Friday, March 26, 2010

Sonny Smith Celebrates 100 Records Project

By Kathleen Richards
Fri, Mar 26, 2010 at 5:32 PM

San Francisco singer-songwriter Sonny Smith has always taken a character-driven approach to his music. In fact, he began his music career while working on a screenplay for a movie. With his guitar nearby, Smith ended up turning dialogue and plot structure into songs. He did residencies writing plays in which he sang songs in character. He often assumes the persona of a fictional character or sings dialogue, or features guest singers as characters in his songs.

So it wasn’t a huge stretch when Smith was attempting to write a novel last year that incorporated fictionalized singers and musicians that then tempted him to think about what their album covers might look like, and songs might sound like. He thought it’d be cool to write fictional songs for the fictional characters, and applied for and received a five-week residency at the Headlands Center for the Arts to pursue the idea. “Once I got there I started writing some songs and I fairly quickly sort of found out the job of drawing other record covers [should go] to an artist,” he said. He assigned a couple of the covers to some artists who were also at the Headlands at the time, and realized his sketches weren’t sufficient. “I can’t have rough sketches and one really incredible piece,” he surmised. Likewise, the songs couldn’t be rough either. “So that’s where it quickly went to the next level from my original idea, what I was thinking it was going to be,” he said. “The novel got shelved immediately because once I got artists to work on the record cover it wasn’t hard to see that this was the project.”

Fitting with Smith’s ambitious nature, he decided to commission 100 different record covers and write 200 songs (two per record). A little more than a year after starting the project, Smith will celebrate the finished 100 Records project with a show at Gallery 16 (501 3rd St., San Francisco), which displays the art show until May 31. The opening reception happens Friday, Apr. 9, from 6-9 p.m. A jukebox will spin all 200 songs and Smith will perform with his band, the Sunsets.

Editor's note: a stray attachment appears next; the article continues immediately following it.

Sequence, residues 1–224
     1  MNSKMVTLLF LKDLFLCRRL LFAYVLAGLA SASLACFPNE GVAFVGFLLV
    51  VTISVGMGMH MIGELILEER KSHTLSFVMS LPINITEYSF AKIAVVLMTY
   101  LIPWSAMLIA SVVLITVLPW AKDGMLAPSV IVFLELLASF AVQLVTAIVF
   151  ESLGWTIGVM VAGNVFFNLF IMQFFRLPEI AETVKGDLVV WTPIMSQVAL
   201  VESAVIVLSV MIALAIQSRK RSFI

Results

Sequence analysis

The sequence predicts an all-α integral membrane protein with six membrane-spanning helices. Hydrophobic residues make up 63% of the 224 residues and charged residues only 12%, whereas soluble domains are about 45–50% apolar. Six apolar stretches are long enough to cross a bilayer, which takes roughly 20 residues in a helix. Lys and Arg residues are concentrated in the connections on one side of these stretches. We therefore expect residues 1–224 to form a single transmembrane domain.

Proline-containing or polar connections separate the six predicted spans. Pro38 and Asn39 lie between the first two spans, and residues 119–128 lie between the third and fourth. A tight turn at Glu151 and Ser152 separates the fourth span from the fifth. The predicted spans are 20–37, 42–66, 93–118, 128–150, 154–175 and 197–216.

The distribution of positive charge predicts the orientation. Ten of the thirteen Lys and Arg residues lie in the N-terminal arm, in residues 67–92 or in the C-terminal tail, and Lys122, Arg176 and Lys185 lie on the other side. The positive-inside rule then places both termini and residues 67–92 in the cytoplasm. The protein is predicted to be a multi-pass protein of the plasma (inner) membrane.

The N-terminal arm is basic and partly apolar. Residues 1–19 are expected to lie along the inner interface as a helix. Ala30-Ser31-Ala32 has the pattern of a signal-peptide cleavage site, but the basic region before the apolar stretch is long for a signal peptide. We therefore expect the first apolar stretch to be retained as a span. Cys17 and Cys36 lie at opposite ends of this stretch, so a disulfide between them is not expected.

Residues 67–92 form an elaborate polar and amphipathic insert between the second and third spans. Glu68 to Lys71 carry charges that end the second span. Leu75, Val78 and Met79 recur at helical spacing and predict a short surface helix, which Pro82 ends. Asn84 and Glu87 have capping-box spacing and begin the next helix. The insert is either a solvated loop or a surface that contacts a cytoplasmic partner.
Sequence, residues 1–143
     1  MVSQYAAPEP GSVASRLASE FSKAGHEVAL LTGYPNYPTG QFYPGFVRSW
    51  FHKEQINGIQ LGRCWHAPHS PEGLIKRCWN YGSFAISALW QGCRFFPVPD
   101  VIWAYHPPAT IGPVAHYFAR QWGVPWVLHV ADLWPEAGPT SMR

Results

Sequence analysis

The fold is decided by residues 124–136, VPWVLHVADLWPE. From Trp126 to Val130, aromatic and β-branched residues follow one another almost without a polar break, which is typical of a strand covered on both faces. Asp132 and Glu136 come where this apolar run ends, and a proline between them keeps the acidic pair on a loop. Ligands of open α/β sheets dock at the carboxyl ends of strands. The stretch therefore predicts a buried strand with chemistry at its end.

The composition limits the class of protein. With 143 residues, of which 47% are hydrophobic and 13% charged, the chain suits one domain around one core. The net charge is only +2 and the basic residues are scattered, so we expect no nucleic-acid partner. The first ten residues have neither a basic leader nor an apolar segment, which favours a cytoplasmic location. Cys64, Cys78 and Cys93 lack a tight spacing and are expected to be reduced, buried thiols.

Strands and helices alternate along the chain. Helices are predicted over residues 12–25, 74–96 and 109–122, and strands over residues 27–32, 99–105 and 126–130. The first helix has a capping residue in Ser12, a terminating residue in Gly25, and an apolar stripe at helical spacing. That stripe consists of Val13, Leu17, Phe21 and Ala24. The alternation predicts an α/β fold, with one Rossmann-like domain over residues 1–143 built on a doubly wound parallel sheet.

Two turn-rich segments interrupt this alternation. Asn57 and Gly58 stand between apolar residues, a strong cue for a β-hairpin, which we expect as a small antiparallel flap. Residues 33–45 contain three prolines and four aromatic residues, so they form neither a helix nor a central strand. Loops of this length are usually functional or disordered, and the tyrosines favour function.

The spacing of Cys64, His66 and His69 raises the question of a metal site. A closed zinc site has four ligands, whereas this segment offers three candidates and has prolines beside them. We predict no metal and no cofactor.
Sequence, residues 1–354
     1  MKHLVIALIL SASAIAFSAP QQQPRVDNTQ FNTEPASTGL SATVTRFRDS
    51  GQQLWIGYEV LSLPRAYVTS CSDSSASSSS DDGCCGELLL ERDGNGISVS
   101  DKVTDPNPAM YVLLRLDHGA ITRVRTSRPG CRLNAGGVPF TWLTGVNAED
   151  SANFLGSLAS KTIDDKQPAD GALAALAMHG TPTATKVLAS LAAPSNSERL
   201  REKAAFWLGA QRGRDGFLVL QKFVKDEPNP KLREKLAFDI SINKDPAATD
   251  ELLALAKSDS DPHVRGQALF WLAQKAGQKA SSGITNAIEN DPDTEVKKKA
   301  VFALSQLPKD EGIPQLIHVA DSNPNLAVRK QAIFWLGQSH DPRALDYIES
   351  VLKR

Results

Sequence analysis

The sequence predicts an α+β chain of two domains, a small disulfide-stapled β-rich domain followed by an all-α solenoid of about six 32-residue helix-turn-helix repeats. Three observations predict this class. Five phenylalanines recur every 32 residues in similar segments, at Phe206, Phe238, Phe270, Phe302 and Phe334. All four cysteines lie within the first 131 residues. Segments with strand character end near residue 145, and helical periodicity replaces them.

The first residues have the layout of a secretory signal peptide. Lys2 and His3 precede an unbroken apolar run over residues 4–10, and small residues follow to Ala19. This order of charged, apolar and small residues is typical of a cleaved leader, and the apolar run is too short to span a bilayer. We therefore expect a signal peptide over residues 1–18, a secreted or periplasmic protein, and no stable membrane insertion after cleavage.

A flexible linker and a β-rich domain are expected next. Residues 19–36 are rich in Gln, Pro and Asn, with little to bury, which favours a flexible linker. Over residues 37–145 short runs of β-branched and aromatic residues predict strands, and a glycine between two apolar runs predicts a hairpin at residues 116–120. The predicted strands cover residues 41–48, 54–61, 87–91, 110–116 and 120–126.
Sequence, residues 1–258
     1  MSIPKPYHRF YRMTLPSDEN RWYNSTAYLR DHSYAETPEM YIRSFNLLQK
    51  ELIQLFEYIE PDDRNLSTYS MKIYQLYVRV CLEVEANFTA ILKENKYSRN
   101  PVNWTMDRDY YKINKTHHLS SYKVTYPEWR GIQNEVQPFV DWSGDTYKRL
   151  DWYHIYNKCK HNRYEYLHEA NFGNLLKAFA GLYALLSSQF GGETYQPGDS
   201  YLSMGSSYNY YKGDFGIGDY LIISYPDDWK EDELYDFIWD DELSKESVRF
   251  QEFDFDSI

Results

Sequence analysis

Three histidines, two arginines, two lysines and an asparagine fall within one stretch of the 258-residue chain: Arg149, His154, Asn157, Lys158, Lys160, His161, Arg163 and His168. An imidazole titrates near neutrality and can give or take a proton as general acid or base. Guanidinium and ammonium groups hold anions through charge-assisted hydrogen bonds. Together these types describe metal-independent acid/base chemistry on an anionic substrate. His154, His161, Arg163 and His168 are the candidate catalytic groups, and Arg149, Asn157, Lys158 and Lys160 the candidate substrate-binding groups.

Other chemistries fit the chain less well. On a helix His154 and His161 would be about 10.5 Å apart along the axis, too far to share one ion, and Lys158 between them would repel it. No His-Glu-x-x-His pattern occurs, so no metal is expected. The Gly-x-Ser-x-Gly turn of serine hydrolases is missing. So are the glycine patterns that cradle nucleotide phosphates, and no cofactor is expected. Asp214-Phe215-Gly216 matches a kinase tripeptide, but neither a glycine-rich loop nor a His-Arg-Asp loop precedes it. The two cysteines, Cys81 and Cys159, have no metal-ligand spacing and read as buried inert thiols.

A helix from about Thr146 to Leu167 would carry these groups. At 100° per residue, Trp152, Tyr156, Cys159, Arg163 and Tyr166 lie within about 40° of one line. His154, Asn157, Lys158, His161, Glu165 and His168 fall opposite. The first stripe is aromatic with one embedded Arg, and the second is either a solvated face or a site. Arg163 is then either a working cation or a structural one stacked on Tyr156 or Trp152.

Chris Johanson, courtesy of Gallery 16, San Francisco
  • Chris Johanson, courtesy of Gallery 16, San Francisco

Kyle Field, courtesy of Gallery 16, San Francisco
  • Kyle Field, courtesy of Gallery 16, San Francisco

Kyle Field, courtesy of Gallery 16, San Francisco
  • Kyle Field, courtesy of Gallery 16, San Francisco

Reed Anderson, courtesy of Gallery 16, San Francisco
  • Reed Anderson, courtesy of Gallery 16, San Francisco

Jovi Schnell, courtesy of Gallery 16, San Francisco
  • Jovi Schnell, courtesy of Gallery 16, San Francisco

Smith says that for the most part he kept the art-making and songwriting processes separate. He supplied the artists — including William Wylie, Mingering Mike, Chris Johanson, Reed Anderson, Jo Jackson, Harrell Fletcher, Chris Duncan, Tucker Nichols, and Paul Wackers — a list of the fictional bands he created and the names of their albums. After artists chose their band and album title to illustrate, Smith would simultaneously go about writing the songs on his own. “The show is what their fantasy of the album cover would look like,” he said. “Will it be incongruent or cosmically on the same page? More often than not, they really work well together.”

Contrary to what one might envision, Smith said he didn’t come up with band names based upon genres. “I tried to not fall into some sort of cliché where it’s, like, here’s my reggae band, here’s my country band. The band names and the songs and what kind of music they made — it wasn’t categorical in nature, it was all rather organic. I would come up with a band name like the Fuckaroos — they kinda sound like some sort of janky Sir Douglas Quintet band — a little rough around the edges.” In tandem, he’d also write short bios for them. (The Fuckaroos started in 1968 in Cincinnati.) Then when he started recording songs, it would become obvious which band it was for.

Naturally, some bands were more inspiring than others. For example, Smith said he wrote a whole album’s worth of material for Zig Speck and the Specktones — but had a harder time writing for Connie’s Superette Crew. None of the bands were extreme deviations for Smith’s “safe zone” of songwriting, except for Walter “the Goat” — a “Jamaican dude” he imagined once part of Lee Scratch Perry’s Black Ark in the 1960s, who then relocated to Cambodia. “I was trying to come up with the freakiest weird music that would fit this guy’s storyline,” said Smith. “I won’t reveal what I did, but I think I pulled it off.”

Smith wrote all of the material, and enlisted musicians to help him record, including Rusty Miller, James Finch, Kelley Stoltz, and others; guests included Tim Cohen from the Fresh and Onlys, Ty Segall, Heidi Alexander and Grace Cooper from the Sandwitches, and (still to be recorded) Bart Davenport. At least three boxsets are planned to be released in the next four or five months, said Smith, but not all songs will be available. After all, “they’re not all hits.”

Despite the ambitiousness of 100 Records — which is still getting its finishing touches — Smith says he already has another project in mind. He wants to do an installation of the album-making process called “Record Plant,” which would include everything from initial songwriting to a trip to the lawyer’s office and a suitcase of drugs. Patrons would order a song, an artist would make the record cover, Smith would write the song, and the end product would be purchasable. “That could be fun,” he surmised. “If I get through this, I’ll do that.”

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